It does take an extra step to use this attribute table in ArcGIS.  Simply open the text file in ArcGIS, save as .dbf, and replace the original one (remember to make a copy).

I wish you find this tutorial helpful!

Wednesday, October 14, 2015

3D Rainfall Model in Netlogo

Hi, recently I have developed a 3D rainfall model using Netlogo. The model shows how Netolog can display elevation in a 3D model, and run simulation based on the elevation. The raindrops are also created in a 3D way for visualization.The map being used here is the Crake Lake. I use the ASCII file obtained from

Here is a video recording the simulation process.

Please find the code here:

See this post for the 2D version of this model:

I would like to briefly introduce how I created this model in Netlogo.

The method I used to visualize the elevation in a 3D way is inspired by Netlogo's Hill Climbing 3D. Netlogo does not have a built-in function to create a surface based on elevation data. What I did is that I asked patches with pzcor = 0 to read the elevation data, and each create a turtle at zcor equal to the elevation. Then, I use  the comment "create-links-with turtles-on neighbors" to create links between the turtles created in the last step, then I hide the turtles. In this way, a "surface" will be created, at least, it looks like a surface for visualization purpose.

The way I created the raindrops falling is inspired by Netlogo's Raindrops 3D. I created turtles representing raindrops at the top of the world, and ask them to face down and forward 2 steps in a tick, until they reach the surface.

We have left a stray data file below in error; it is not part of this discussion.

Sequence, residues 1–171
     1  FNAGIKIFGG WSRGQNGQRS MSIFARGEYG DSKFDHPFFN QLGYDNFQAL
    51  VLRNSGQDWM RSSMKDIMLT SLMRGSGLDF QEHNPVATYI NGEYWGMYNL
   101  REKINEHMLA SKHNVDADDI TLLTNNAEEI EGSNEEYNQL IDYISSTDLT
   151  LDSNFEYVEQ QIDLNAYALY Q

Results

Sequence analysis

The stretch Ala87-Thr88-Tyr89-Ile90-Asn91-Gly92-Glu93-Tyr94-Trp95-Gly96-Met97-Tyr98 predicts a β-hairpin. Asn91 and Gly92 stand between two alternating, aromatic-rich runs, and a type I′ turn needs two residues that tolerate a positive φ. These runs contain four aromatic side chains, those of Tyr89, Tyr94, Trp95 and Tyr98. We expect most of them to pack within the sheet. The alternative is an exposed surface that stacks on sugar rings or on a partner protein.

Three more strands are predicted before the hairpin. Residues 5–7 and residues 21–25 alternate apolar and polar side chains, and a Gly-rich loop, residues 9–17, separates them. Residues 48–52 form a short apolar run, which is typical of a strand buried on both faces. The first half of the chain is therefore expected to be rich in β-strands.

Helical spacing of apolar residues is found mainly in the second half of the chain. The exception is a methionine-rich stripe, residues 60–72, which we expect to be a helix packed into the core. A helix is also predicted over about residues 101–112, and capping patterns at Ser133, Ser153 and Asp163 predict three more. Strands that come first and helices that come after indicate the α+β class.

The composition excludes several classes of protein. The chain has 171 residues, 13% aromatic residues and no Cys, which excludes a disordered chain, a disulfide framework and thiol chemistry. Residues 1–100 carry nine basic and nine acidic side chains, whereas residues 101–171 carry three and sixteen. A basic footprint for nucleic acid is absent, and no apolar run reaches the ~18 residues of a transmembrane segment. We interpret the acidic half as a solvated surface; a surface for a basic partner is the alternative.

To move the raindrops on the surface, it is more tricky. Patches at the base (those with pzcor = 0) have a variable called [top], which measures the elevation plus water height here. The raindrops read the variable [top] and flow to patches with lowest top.

I hope you enjoy this post!

Thursday, October 1, 2015

Rainfall and Erosion Model of the Crater Lake National Park using Netlogo

I have created this model of Rainfall and water runoff. It simulates the runoff of the rain and its erosion. This model is inspired by the Grand Canyon Model.

You can use the export function to export the elevation map after erosion to a .asc file for further studies in ArcGIS.

The map being used is the Crater Lake National Park in Oregon. See below for an elevation map.

Rain drops are created randomly on the map based on the rain rate parameter. Rain drops will run to the neighboring patch with the lowest elevation. Besides, if there are already water in a patch, the height of water will also be added to its elevation, when raindrops are selecting the patch to run to. If a raindrop can not find a neighboring patch with lower elevation, it will stay where it is and become water. When raindrops run to the edge of the map, they are removed from this model.

See below for a video recording a simulation process:

This is an image showing the result after 700 ticks.

This is a map showing the amount of water in scaled color, where darker color implies higher volume of water.

See below a video for the verification of the model:

Please visit the following link for the code.